Purim is typically marked by masquerades, song and hamantaschen, a triangular jam- or chocolate-filled cookie. But for the first time this year, a student organization is observing the holiday by hosting drag performances.
Jewish Voice for Peace, a student organization that advocates for Palestinian human rights, will host Drag Purim on Monday from 8 to 10 p.m. in the Multicultural Student Services Center. The event will feature four drag queens, including one student drag queen, a costume contest and a reading of the story of Purim.
Gabriela Rossner, a junior majoring in environmental studies and a member of the coordinating committee for Jewish Voice for Peace, said the idea to combine Purim – a Jewish holiday that celebrates the failure of an attempted genocide of Jewish people – with drag came when Rossner realized that drag and Purim are more similar than she had previously thought.
“I just kind of connected the things – Purim is a holiday where you dress up and you’re merry and celebrate the spirit of resistance,” Rossner said. “And drag is about dressing up and the spirit of resistance.”
Rossner said while this is the organization’s first Drag Purim, she hopes it will become an annual event.
Purim stems from the Book of Esther, which tells the story of Esther, who saved the Jewish people from being exterminated by Haman, a high-ranking political adviser in the Persian empire. Esther became the queen of Persia – without disclosing her Jewish identity – after King Ahasuerus’ wife Vashti was banished after refusing to appear at a banquet.
After a Jewish man, Mordechai, refused to bow down to Haman, the political adviser decided to exterminate all Jewish people. To save her people, Esther held a banquet – where she revealed she was Jewish – and King Ahasuerus had Haman killed, saving the Jewish people.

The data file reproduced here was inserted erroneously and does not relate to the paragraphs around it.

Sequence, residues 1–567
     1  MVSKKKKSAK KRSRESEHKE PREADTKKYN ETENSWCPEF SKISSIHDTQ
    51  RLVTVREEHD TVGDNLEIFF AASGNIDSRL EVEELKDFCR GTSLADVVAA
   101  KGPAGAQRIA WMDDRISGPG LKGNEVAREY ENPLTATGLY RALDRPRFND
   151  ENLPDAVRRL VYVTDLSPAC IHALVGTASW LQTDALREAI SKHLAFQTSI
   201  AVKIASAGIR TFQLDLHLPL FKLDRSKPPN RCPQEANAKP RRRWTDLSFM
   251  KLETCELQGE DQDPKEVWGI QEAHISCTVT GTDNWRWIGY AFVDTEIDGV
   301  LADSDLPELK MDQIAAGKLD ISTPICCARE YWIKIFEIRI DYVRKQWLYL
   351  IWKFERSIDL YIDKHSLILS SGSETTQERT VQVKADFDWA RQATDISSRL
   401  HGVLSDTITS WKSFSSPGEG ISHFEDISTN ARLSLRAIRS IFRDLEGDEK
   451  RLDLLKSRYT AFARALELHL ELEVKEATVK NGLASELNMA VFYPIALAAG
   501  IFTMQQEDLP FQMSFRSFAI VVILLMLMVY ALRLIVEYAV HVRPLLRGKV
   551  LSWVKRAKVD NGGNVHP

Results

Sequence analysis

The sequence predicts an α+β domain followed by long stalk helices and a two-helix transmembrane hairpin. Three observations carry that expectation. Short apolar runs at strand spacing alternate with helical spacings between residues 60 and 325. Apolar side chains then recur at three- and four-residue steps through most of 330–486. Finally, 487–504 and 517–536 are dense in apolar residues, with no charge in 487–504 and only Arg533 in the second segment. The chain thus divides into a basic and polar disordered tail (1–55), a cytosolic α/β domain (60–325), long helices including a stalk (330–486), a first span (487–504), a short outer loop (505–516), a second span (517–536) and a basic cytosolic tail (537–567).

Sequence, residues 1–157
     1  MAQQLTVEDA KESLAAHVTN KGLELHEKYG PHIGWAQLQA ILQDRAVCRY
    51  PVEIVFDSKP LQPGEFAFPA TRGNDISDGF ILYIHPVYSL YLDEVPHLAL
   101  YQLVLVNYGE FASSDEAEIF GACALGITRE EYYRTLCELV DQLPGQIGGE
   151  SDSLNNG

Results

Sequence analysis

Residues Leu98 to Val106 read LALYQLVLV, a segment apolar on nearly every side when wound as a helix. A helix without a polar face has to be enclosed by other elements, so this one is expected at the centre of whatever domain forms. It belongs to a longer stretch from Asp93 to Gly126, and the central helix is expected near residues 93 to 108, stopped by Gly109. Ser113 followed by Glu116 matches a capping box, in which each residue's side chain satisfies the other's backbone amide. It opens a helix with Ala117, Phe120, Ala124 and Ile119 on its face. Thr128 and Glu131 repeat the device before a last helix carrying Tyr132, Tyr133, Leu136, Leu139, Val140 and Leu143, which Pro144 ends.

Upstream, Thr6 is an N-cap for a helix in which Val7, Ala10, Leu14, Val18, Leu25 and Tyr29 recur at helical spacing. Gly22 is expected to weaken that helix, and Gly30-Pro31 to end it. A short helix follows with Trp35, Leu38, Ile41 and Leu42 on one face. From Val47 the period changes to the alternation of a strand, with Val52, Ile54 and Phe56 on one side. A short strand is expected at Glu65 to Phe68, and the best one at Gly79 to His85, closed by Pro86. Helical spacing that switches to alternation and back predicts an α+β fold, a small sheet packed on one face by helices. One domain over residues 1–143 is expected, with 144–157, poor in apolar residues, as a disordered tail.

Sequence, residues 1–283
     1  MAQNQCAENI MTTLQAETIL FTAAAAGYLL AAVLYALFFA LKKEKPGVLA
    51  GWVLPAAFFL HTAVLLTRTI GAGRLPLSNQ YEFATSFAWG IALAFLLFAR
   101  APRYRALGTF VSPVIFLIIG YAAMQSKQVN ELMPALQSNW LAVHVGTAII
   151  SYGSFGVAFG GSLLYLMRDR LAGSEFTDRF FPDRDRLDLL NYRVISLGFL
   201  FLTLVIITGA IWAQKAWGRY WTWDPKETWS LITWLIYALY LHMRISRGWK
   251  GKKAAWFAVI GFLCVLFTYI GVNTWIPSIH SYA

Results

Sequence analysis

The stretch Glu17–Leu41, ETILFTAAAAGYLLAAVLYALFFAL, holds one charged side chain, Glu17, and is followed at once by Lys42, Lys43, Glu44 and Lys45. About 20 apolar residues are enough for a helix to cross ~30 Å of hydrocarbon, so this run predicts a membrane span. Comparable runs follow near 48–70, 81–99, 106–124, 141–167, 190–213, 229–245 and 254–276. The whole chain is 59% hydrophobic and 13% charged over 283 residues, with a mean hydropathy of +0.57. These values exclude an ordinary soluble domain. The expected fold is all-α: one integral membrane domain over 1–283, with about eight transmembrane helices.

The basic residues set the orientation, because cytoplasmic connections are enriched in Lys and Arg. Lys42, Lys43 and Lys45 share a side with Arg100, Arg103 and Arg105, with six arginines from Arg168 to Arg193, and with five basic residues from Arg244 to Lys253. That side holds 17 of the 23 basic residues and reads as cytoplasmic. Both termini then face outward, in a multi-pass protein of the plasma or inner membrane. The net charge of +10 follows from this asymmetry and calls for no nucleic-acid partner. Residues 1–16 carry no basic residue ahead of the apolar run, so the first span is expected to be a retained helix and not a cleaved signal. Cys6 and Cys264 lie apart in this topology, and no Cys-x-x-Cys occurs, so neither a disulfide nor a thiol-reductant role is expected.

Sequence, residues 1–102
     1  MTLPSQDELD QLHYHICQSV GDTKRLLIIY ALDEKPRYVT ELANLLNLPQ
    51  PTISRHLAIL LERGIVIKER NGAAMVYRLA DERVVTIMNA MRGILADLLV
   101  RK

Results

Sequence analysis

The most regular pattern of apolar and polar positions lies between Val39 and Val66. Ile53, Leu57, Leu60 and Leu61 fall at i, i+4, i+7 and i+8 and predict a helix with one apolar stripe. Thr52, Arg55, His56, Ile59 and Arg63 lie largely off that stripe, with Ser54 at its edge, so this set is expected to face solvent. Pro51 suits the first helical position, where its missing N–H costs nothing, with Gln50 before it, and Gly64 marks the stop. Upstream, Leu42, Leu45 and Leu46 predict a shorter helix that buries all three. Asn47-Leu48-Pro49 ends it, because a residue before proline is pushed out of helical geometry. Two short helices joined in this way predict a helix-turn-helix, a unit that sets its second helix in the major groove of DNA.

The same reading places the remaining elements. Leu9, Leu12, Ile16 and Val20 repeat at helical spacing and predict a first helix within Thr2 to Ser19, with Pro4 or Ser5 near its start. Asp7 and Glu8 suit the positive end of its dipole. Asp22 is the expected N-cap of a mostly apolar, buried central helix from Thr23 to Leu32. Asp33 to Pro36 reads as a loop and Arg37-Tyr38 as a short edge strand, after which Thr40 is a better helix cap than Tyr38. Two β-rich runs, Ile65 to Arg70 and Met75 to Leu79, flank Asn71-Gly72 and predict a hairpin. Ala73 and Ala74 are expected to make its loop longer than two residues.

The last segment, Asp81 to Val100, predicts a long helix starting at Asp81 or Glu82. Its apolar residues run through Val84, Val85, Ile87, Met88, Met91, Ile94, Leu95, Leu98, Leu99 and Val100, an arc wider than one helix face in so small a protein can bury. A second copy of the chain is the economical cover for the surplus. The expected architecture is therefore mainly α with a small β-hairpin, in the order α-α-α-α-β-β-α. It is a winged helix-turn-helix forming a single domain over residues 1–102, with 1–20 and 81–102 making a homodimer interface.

While there is nothing in the Book of Esther that says people should dress up for Purim, some rabbinical teachers believe that the tradition of changing identities through costume began to mirror Esther hiding her Jewish identity.
At Drag Purim, attendees will watch a drag show performed by Crystal Edge, who is a student, along with three other drag queens who perform around the District: Katrina Colby, Anastasia Dior and Labella Mafia.
The drag queens will do a reading of the story of Purim before putting on a traditional drag show with music and elaborate costumes and makeup. Attendees of the event are encouraged to dress up in their own costumes, bring groggers – a noise-making device that is supposed to be used every time Haman’s name is mentioned during the story retelling – and come with cash tips for the drag queens.
There will also be a costume contest, which has no prize other than “eternal pride,” Rossner said.
Rossner said that community-driven events like Drag Purim are a part of Jewish Voice for Peace’s mission on campus.
“Not a lot of people know about Purim and not a lot of people know about Jewish holidays, so we want to be able to involve the general GW community,” she said. “The second part of it is that one part of JVP’s mission is to create a space for Jewish people on campus that is separate from any Zionism. We really work on fostering a community that is independent of political allegiance to Israel.”
Matt Enman, a junior majoring in journalism and mass communication, will host Drag Purim as Crystal Edge. Enman said the event is his second on-campus performance – his first was at Delta Lambda Phi’s charity drag show last year – and he was asked by Rossner, who is his friend, to perform. He said that he enjoyed performing at the Delta Lambda Phi show last year and is excited to perform again in front of his peers.
He also said that despite being a student, he tries to treat on-campus gigs the same as any other performance in the District.
“I treat it like it’s any other gig,” Enman said. “I don’t think just because I go to GW or just because it’s a college event I need to act any differently, so I just treat it as if it’s a normal gig that I’ve been booked for.”
On top of being a student, Enman is a full-time drag queen and hosts weekly shows at The D.C. Eagle and drag brunch at City Tap House in Dupont Circle. Enman’s home bar was Cobalt before it closed earlier this month.
Enman said he helped the student organization secure the other three drag queens, who are his friends, for the show. Enman also said that despite not knowing a lot about Purim, he plans to read the story, make it funny and put his drag hosting spin on it through his drag persona Crystal Edge, whom Enman describes as a “festishy Bratz doll.”
“It’s going to be a really fun and diverse show,” he said. “It should be a good time.”
Molly Kaiser contributed reporting.